There are a few everyday life experiences that everybody is destined to go through every now and then. Like correctly plugging a USB device only at the third attempt (despite there are only two possibilities), or directly setting the alarm clock half an hour earlier because we know we’re used to putting it off at least four times, or having Mallet Finger.
Mallet Finger is probably one of the most painful and annoying injuries of all time. Technically, it is an injury of the extensor digitorum tendon of the fingers at the distal interphalangeal joint (DIP). In more simple terms, it is the typical injury that occurs when we play basketball and the ball suddenly hits our extended finger. Besides the immediate sensation of pain, within a few minutes our finger will start swelling and we won’t be able to straighten it for a while. We then leave the court with an awesome facial expression (it really hurts, you all know…), but do we know what happened inside our finger?
The distal interphalangeal joint (DIP) of the hand is nothing more than a hinge joint between the two last phalanges of the finger. This kind of joint only admits one degree of freedom, which is the rotation about the joint axis. As a result, our phalanges are allowed to make flexion and extension movements. Thus, the DIP is the last joint of the finger. A sudden high force acting at the tip of the finger (the ball we were trying to catch) strongly solicits the thin DIP extensor tendon. In case of rupture, or tearing, of this tendon from the bone, the finger usually gets painful, swollen, and bruised. Occasionally, blood can collect beneath the nail. In the worst case, the force of the blow may even pull away a piece of bone along with the tendon. The loss of extensor tendon continuity might lead to severe consequences and must be carefully treated. In a first moment, ice should be immediately applied and the hand should be elevated above the level of the heart. Medical attention should be sought within a week after injury. Most mallet finger injuries can be treated without surgery. Normally, X-rays are necessary in order to look for potential bone fractures or joint misalignment. The presence of blood beneath the nail and nail detachment may be a sign of nail bed laceration or open (compound) fracture. A splint can be applied to hold the fingertip straight (in extension) until it heals (8 weeks full-time, 3-4 further weeks less frequently). With this treatment plan, the finger usually regains an acceptable function and appearance. Despite that, it is not guaranteed that the patient will be able to regain full fingertip extension.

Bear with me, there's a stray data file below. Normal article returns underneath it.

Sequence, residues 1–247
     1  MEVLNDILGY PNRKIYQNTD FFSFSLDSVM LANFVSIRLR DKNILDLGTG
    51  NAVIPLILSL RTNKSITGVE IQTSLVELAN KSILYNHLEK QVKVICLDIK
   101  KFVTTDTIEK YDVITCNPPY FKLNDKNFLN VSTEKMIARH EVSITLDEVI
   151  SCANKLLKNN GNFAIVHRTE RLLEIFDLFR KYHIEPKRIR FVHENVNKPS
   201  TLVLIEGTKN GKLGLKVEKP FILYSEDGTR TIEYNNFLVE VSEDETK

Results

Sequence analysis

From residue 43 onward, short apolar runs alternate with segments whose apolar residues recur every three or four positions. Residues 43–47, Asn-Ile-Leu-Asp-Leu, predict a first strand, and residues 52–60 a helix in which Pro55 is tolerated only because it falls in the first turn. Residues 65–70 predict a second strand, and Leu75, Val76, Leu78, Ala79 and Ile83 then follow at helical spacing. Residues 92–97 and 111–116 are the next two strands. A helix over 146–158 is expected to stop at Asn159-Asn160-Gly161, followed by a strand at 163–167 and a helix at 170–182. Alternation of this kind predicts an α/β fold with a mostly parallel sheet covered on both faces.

If nonsurgical treatment fails, after consultation with an orthopaedic surgeon the patient may consider to resort to surgical repair. In case of very severe deformity or inability to properly use the injured finger, surgery is done to repair the fracture using pins, pins and wire, or even small screws. Surgical treatment of the damaged tendon can include tightening the stretched tendon tissue, using tendon grafts, or even fusing the joint straight.